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Quotes from sermons held across South Africa to honor Nelson Mandela

  • South African President Jacob Zuma commemorates Nelson Mandela during a service at the Bryanston Methodist Church in Bryanston suburb of Johannesburg, South Africa, Sunday Dec. 8, 2013. South Africa is readying itself for the arrival of a flood of world leaders for the memorial service and funeral for Nelson Mandela as thousands of mourners continued to flock to sites around the country Saturday to pay homage to the freedom struggle icon. (AP Photo/Peter Dejong)The Associated Press

  • Pastor Niekie Lamprecht of the Dutch Reformed Church East Pretoria, located in a predominately white, well heeled suburb, talks to his community in Pretoria, South Africa, Sunday, Dec. 8, 2013. People in South Africa are taking part in a day of "prayer and reflection" for late former President Nelson Mandela. (AP Photo/Markus Schreiber)The Associated Press

Nelson Mandela was honored in church sermons across South Africa Sunday, which has been declared a national day of prayer and reflection to commemorate the country's anti-apartheid leader who died on Dec. 5. Here is a look at some of the praise of Mandela :

— "We felt it important that we should have a day where all of us as South Africans can come together and pray for our first democratic president and reflect on his legacy. But it is also to pray for our nation ... to pray that we not forget some of the values he fought for ... Mandela distinguished himself for good things and good things only." — President Jacob Zuma, speaking at the Bryanston Methodist Church in Johannesburg.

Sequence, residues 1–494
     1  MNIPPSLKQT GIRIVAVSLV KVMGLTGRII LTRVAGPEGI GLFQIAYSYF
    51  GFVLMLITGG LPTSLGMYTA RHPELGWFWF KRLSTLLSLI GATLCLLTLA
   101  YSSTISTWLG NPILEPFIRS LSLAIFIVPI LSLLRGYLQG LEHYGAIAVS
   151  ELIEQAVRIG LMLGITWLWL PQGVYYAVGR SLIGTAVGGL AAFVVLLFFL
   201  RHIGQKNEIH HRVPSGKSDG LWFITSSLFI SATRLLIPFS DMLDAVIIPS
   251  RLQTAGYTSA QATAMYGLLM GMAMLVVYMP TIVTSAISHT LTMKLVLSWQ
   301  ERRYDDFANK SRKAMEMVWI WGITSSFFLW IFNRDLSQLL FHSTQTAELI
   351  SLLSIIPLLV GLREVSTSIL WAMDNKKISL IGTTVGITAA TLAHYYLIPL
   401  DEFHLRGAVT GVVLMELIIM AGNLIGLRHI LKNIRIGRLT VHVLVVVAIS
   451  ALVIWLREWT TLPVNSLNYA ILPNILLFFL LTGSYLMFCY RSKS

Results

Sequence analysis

— "He was more than just an individual soul, he was the exposition of the African spirit of generosity ... He's only a reference and a marker to the better possibilities of our humanity." — Dean Michael Weeder of St. George's Cathedral, Cape Town.

— "What helped the white people of South Africa was Mr. Mandela's attitude. He said let's forgive, and he forgave. That created a space for people to feel safe and change at a time when the expectation was that there was going to be a war ... May we as Christians in this Afrikaans church surprise the world by not responding with hate but with love and forgiveness. Mandela completed the journey. We thank God for this person in our history." — Pastor Niekie Lamprecht of the Dutch Reformed Church, Pretoria East.

— "Those of us who are battling to make ends meet every day and who had hope, when he was still around, everything will be OK. If the old man has passed on, life will continue on, and God will be our God ... Traditionally when a person passes we believe he hasn't left. He is going to be an observer of the familial and community on a spiritual level although he is no longer with us. So we have to abide by the rules and elders as if he's there." — Joshua Mzingelwa, leader of Morians Episcopal Apostolic Church in Qunu, Eastern Cape (Mandela's birthplace).

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AP Writers Ray Faure in Johannesburg, Caro Kriel in Pretoria, Christopher Torchia in Cape Town, Jason Straziuso in Qunu contributed to this report.